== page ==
She grabs my hand, plops it in some water and proceeds to lightly, very lightly, well, decidedly half-heartedly really, push my cuticles back.  She does the same with my other hand.  She then starts to remove my cuticles with the cuticle scissor thing that is used for that purpose.  I notice a drop of blood oozing from my left little finger.  I am beginning to wonder if she knows what she is doing and if I have any legal rights in this situation.

That was the sum total of my manicure.  Literally two minutes.  I am then motioned to the next seat where the shellac is applied to my nails.  First a coat of clear stuff is applied.  I am told to put my hand under a UV light whilst she does my other hand.  The UV light beeps and goes out.  “Take hand away! Take hand away!” she screams at me.  I immediately jerk my hand out of the UV light machine in case my hand is about to spontaneously combust.  The same thing happens with the other hand.  “Take hand away!” she screams.

“Is it safe?” I ask.

“Velly safe,” she laughs.

The colour is applied.  I have chosen an extremely pale pink because my nails are so short.  “Velly pale,” she says with a distinct tone of distaste.

“My nails are very short,” I feel compelled to explain.  “When they grow, I will have a brighter colour,” I promise.

The final coat of clear shiny shellac is put onto my nails and as it is hardening under the UV machine and I am praying that it isn’t going to cause me to get skin cancer, another nail technician walks over.  She starts talking to my nail technician (and I use that term loosely).  Actually, she starts shouting.  Before long they are shouting at each other in what I think is vietnamese.  Of course, I have no idea what they are talking about, but when the standing nail technician grabs my hand, swings it about like the rest of my body wasn’t attached to it, I realise that they are arguing about my nail job.

This goes on for a couple of minutes – my hand being swung around, them shouting at each other.  I decide that now is an opportune moment to mention that I wasn’t best pleased with my so called manicure either.  I mean, I didn’t even get the hand massage, which is the best bit.  I know my nails are short, but that doesn’t matter, I want my hand massage.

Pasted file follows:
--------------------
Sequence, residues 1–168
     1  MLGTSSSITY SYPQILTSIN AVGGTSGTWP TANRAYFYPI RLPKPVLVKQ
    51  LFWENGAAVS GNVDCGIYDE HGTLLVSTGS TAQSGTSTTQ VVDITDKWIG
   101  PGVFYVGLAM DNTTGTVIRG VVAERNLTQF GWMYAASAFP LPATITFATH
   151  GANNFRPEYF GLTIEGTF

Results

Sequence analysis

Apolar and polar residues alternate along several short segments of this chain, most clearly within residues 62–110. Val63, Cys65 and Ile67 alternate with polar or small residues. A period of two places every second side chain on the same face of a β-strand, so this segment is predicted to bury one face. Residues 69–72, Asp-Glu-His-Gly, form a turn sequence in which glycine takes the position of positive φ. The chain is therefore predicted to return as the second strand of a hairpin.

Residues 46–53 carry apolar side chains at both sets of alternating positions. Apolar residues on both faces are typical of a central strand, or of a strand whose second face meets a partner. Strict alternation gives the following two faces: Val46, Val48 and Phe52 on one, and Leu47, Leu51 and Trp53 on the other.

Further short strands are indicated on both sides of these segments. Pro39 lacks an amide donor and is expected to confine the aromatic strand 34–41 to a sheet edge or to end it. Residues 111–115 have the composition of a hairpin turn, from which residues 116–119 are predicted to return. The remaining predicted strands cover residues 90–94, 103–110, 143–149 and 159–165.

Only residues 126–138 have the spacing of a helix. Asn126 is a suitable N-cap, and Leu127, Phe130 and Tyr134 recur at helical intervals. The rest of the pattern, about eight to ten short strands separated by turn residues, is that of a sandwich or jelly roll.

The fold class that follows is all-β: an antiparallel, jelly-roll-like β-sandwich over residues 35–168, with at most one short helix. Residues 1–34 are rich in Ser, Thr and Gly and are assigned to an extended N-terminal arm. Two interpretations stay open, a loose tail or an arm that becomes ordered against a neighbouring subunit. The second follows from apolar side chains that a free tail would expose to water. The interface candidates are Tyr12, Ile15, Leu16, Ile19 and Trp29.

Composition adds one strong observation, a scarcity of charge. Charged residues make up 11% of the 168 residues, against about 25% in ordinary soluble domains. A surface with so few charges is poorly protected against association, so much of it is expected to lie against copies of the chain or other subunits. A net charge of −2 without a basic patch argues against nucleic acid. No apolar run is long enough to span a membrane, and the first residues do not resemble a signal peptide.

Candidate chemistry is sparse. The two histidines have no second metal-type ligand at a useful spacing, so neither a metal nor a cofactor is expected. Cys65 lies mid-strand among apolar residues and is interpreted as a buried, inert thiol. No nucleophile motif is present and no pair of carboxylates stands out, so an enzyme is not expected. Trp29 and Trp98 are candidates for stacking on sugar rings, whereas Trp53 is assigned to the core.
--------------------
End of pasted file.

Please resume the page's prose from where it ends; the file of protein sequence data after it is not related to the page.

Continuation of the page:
The standing technician shouts more at the sitting technician and the word “massage” is mentioned.  I feel guilty, but also self righteous because after all, I’m paying $50.  Suddenly, the standing nail technician swipes her hand over my thumb nail and the shellac which is meant to be rock hard and last for three weeks, comes off.  Clearly, the procedure hasn’t worked.  By now, I am really concerned about the safety and quality of this procedure.  My nail technician is shaking the bottle of nail polish I chose at the standing technician and I am getting the distinct feeling she is blaming my colour choice.

I pull my hand away.  “I think I’ll just have the manicure and forget the shellac,” I say.

“You just want manicure?” the standing technician says.

“Yes, I say.  Just the manicure.  I’ll come back for the shellac.”  Just in case they won’t let me leave.

She nods.  “I’d like you to do it,” I say, convinced my technician is obviously a student and has no idea what she is doing.

My technician stands up, shouts some more and proceeds to another woman waiting to have her acrylic nails filled.  Poor woman, I think to myself.

The new technician takes my hand gently and soaks my hand.  She shapes them, somewhat better than the first, then redoes the cuticles, thankfully without drawing blood.

“Is she new?” I ask, feeling guilty at the furor, trying to make conversation.

“No, she do nails four years now.”

I say nothing, but am dumbfounded.  How on earth can that be possible?

“You want shellac?” my new technician asks.

I shake my head vehemently.  I am not risking that UV machine again.  I smile sweetly.  She applies clear nail varnish.  When they dry, I pay my $20 and go.

Of course, I feel like I should have been given my non-manicure for free, especially as my nails look like I did them at home.  In fact, I think I probably could do a better job.  The only positive thing was that I got to wash my hands, which meant they didn’t feel grimy any more.  And therein lies the lesson. When your hands feel grimy, go to the bathroom, wash your hands, then go home and do your own nails.